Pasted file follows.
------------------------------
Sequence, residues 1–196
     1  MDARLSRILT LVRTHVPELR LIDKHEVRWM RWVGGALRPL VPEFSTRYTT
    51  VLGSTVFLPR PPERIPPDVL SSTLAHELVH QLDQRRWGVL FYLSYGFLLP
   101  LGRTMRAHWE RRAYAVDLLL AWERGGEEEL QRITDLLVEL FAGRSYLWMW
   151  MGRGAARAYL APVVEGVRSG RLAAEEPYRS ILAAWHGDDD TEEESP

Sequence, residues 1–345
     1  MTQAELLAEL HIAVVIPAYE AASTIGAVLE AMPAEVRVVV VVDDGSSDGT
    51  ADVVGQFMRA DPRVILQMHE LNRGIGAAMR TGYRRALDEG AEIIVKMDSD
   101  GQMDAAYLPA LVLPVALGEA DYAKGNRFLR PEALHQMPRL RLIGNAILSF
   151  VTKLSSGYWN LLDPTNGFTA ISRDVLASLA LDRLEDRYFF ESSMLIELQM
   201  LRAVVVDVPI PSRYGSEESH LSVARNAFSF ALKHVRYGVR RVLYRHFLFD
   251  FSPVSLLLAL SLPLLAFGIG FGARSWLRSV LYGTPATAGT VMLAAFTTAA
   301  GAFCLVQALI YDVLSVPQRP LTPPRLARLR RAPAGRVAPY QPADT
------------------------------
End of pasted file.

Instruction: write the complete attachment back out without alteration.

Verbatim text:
Sequence, residues 1–196
     1  MDARLSRILT LVRTHVPELR LIDKHEVRWM RWVGGALRPL VPEFSTRYTT
    51  VLGSTVFLPR PPERIPPDVL SSTLAHELVH QLDQRRWGVL FYLSYGFLLP
   101  LGRTMRAHWE RRAYAVDLLL AWERGGEEEL QRITDLLVEL FAGRSYLWMW
   151  MGRGAARAYL APVVEGVRSG RLAAEEPYRS ILAAWHGDDD TEEESP

Sequence, residues 1–345
     1  MTQAELLAEL HIAVVIPAYE AASTIGAVLE AMPAEVRVVV VVDDGSSDGT
    51  ADVVGQFMRA DPRVILQMHE LNRGIGAAMR TGYRRALDEG AEIIVKMDSD
   101  GQMDAAYLPA LVLPVALGEA DYAKGNRFLR PEALHQMPRL RLIGNAILSF
   151  VTKLSSGYWN LLDPTNGFTA ISRDVLASLA LDRLEDRYFF ESSMLIELQM
   201  LRAVVVDVPI PSRYGSEESH LSVARNAFSF ALKHVRYGVR RVLYRHFLFD
   251  FSPVSLLLAL SLPLLAFGIG FGARSWLRSV LYGTPATAGT VMLAAFTTAA
   301  GAFCLVQALI YDVLSVPQRP LTPPRLARLR RAPAGRVAPY QPADT